Published: Feb. 22, 2021
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Recent national and international events -- including events surrounding the US election -- have raised plenty of rancor but not much insight into the implications of those events for democracy and for those countries that aim to abide by the establishing principles of democracy. The Center for Critical Thought is pleased to announce the first in a series of talks on the “Future of…”

Please join us Friday, Feb 26, for a panel discussion on the Future of Democracy. The event will be held remotely over Zoom:

The Future of Democracy

Sponsored by CU’s Center for Critical Thought

Zoom Link:

Friday, Feb 26, 3:30-5:00 PM MST

Participants and Panelists:

  • Prof. Lisa Disch (Political Science, University of Michigan)

  • Lisa Disch specializes in contemporary continental political thought, paying particular attention to feminist theory, political ecology, and theories of democracy in both the US and France. Framing this range of interests is a concern with the power of conventions that are regarded as necessary or natural, and a fascination with how they come to be looked upon that way.


  • Prof. Ainsley LeSure (Politics, Africana Studies, Brown University)

  • Ainsley LeSure is a political theorist with broad interests in antiracist critical theory, democratic theory, social justice, and feminist theory. Her current book project “Subverting the Rule of Race: Achieving Racial Equality Democratically,” traces how an over-emphasis on the inner states of individuals – like implicit biases, intentions, motivations, sentiments, aversions, and beliefs – in explaining the tenacity of racial injustice in the contemporary moment blinds us to the way racism makes its appearance in the world. Using resources provided from the political thought of Hannah Arendt, Frantz Fanon, and Kwame Ture and Charles V. Hamilton, the book offers an account of individual and collective responsibility for racism in the post-Civil Rights era and a theory of political resistance to racial domination that takes seriously the project of democratic racial equality. In addition to the Center for the Study of Race and Ethnicity in America at Brown University, her research has been supported by Andrew W. Mellon Foundation and the Woodrow Wilson Foundation.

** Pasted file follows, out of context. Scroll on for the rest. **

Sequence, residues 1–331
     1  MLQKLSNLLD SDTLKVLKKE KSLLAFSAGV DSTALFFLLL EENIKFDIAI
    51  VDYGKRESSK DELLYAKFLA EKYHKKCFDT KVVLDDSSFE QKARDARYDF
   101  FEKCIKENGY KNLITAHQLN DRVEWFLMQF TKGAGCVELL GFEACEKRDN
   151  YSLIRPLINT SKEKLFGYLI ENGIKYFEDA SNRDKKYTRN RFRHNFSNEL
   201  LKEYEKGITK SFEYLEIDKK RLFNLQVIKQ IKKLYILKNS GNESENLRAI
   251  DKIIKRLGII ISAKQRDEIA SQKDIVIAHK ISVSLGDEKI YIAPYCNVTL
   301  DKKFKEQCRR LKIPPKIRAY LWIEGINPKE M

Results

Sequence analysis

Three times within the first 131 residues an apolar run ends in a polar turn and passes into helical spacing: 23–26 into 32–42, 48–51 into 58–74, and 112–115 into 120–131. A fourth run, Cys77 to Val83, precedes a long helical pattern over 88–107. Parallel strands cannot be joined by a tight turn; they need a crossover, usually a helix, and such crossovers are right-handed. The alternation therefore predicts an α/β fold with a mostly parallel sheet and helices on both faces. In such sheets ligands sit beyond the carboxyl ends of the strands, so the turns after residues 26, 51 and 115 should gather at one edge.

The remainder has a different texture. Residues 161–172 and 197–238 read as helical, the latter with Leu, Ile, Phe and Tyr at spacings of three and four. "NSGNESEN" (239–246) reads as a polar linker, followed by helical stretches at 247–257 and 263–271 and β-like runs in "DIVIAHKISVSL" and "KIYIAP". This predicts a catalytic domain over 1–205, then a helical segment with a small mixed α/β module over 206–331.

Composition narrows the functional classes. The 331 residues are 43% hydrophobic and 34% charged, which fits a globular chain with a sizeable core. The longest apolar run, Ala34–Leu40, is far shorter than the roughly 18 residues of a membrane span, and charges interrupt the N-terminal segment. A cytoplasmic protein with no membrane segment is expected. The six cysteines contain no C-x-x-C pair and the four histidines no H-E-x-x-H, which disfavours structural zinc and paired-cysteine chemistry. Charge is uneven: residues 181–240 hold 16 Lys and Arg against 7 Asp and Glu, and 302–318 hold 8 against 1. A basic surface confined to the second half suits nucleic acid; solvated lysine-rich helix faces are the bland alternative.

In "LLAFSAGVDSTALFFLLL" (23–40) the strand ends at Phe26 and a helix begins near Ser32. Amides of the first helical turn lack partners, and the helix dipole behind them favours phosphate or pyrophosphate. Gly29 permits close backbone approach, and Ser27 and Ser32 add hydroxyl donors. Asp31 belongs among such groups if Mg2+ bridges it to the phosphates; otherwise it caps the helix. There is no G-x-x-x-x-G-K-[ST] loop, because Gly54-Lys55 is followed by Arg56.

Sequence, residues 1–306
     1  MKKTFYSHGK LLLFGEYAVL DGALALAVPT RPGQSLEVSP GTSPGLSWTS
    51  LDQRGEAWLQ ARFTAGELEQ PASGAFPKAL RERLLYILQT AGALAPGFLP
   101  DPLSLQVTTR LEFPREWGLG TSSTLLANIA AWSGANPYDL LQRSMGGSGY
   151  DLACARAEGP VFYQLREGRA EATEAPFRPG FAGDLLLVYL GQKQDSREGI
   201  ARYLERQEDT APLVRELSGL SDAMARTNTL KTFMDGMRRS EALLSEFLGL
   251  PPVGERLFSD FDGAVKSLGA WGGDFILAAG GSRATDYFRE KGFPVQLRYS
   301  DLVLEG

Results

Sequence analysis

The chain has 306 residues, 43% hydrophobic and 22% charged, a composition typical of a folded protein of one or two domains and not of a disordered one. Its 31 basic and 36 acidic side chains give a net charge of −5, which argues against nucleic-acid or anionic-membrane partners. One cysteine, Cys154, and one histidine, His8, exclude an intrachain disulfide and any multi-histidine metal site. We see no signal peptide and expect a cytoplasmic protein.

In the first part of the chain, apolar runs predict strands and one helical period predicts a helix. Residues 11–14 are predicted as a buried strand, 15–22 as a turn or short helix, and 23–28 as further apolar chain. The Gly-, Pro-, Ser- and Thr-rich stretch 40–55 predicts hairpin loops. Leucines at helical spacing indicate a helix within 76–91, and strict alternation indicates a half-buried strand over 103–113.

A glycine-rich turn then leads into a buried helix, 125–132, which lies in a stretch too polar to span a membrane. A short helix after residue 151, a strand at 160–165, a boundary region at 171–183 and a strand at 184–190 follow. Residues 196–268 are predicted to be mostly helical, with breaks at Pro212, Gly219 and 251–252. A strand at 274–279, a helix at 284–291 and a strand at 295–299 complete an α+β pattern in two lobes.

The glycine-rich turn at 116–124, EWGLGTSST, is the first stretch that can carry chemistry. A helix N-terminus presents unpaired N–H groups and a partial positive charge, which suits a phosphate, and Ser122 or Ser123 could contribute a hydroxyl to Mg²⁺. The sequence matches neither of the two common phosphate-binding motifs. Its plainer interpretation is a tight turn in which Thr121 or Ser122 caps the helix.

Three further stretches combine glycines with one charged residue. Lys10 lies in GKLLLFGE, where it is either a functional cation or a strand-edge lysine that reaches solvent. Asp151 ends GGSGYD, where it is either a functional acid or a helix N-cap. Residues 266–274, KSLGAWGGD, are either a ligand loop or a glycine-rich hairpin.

• Prof. James Martel (Political Science, San Francisco State University)

  • James Martel is the author of seven books with an eighth book that is forthcoming: Disappointing Vision: Anarchist Prophecy and the Power of Collective Sight (under contract, Duke University Press). Prior to that he published Unburied Bodies: Subversive Corpses and the Authority of the Dead (Amherst College Press, 2018). Before that he published The Misinterpellated Subject (Duke University Press, 2017).


Moderator: Michaele Ferguson (Political Science, CU Boulder)